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<!–:en–>CALIFORNIA LABOR COMMISSIONER SUES ZIPREALTY FOR $17 MILLION IN UNPAID WAGES<!–:–>

October 6, 2011

The California State Labor Commissioner filed a lawsuit Sept. 26 seeking more than $17 million from ZipRealty Inc., to recover unpaid minimum wages and overtime pay for hundreds of real estate agents throughout California, the California Department of Industrial Relations announced Sept. 26 (State Labor Comm’r v. Ziprealty Inc., Cal. Super. Ct., No. 11596987, complaint filed 9/26/11).

The industrial relations department alleges that ZipRealty, which is based in Emeryville, Calif., violated state law during the four-year period of May 2006 through August 2010 by paying its real estate agent employees less than the minimum wage and no premium for overtime hours worked. California has an hourly minimum wage of $8.00.

“This lawsuit involving career real estate agents highlights a rapidly changing economy and labor market,” according to Christine Baker, the department’s acting director. “Wage compression and violations of the minimum labor standards are now occurring in a wide variety of occupations, even affecting employees outside traditional low-wage occupations,” she said.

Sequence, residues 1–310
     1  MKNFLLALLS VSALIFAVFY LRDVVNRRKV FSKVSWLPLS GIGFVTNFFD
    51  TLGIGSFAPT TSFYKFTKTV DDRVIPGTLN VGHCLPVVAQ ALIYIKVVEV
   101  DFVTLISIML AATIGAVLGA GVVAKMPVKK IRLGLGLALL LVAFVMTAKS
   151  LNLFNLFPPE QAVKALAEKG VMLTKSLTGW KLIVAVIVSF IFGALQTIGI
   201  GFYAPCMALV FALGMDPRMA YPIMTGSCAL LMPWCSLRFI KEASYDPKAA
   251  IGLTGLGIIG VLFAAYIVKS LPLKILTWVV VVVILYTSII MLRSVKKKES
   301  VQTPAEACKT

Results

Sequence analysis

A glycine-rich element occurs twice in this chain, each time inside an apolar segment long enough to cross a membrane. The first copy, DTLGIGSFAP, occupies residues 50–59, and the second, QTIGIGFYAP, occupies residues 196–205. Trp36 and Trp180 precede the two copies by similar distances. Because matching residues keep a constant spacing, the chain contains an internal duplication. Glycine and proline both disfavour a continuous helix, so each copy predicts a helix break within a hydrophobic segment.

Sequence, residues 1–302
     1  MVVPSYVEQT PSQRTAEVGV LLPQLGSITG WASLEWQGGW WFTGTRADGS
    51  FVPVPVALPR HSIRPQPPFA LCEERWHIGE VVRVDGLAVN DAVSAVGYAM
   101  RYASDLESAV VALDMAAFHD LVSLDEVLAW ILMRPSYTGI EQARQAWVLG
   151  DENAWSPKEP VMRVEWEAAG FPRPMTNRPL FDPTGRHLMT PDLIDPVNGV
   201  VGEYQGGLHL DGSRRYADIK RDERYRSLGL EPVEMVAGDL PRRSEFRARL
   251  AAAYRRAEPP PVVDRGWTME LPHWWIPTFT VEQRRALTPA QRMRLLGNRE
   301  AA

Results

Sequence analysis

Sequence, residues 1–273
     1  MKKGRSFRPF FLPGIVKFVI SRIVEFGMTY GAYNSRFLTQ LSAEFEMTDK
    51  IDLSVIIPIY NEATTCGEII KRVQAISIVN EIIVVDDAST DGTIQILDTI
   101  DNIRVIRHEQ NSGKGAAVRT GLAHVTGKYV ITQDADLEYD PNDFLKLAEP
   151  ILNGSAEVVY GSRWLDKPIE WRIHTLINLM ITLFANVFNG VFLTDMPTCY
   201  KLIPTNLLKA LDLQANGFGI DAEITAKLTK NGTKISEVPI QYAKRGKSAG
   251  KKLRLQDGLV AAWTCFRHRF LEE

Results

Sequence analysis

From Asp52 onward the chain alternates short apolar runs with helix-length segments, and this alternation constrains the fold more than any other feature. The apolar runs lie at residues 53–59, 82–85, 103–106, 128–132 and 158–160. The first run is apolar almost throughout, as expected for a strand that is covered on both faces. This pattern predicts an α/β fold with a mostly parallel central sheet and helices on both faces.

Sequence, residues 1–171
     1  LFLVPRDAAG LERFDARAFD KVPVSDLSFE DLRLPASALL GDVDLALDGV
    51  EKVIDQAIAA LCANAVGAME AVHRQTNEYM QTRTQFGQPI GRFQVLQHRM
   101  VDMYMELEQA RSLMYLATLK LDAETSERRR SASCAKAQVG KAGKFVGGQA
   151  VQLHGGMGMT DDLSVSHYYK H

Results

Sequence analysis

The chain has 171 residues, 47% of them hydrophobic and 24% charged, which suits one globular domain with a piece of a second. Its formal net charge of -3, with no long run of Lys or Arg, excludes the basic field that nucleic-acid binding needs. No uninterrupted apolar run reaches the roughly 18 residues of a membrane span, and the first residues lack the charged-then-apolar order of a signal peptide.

The lawsuit seeks minimum wages in excess of $7.5 million, overtime of $1.25 million, and damages and penalties in excess of $9 million.

 “This enforcement is important not just for employees, but for hardworking employers who shouldn’t have to compete against lawbreakers,” according to Labor Commissioner Julie Su. “Employers who don’t play by the rules should be prepared to face the consequences of paying twice the amount of wages owed, as well as penalties and interest,” Su said.

This lawsuit follows an administrative wage action brought by four former ZipRealty agents from Bakersfield, Calif. The labor commissioner awarded them a combined total of $75,000, and ZipRealty appealed to Kern County Superior Court, where Judge Stephen Schuett issued a decision Sept. 1 quadrupling the amounts previously awarded the agents to more than $330,000 in damages and interest.

ZipRealty had asserted that it did not have to pay its agents the minimum wage or overtime premium because they were exempt outside sales agents, but Schuett concluded that the agents are nonexempt because they work away from their offices less than 50 percent of the time. The court also awarded substantial damages for overtime violations, pay stub violations, and interest.

The department’s statement said the Kern County trial revealed systemic pay violations by ZipRealty. “We learned in the course of the Bakersfield case that ZipRealty real estate agents frequently received no pay at all,” Su said. 10-06-2011. Bureau of National Affairs.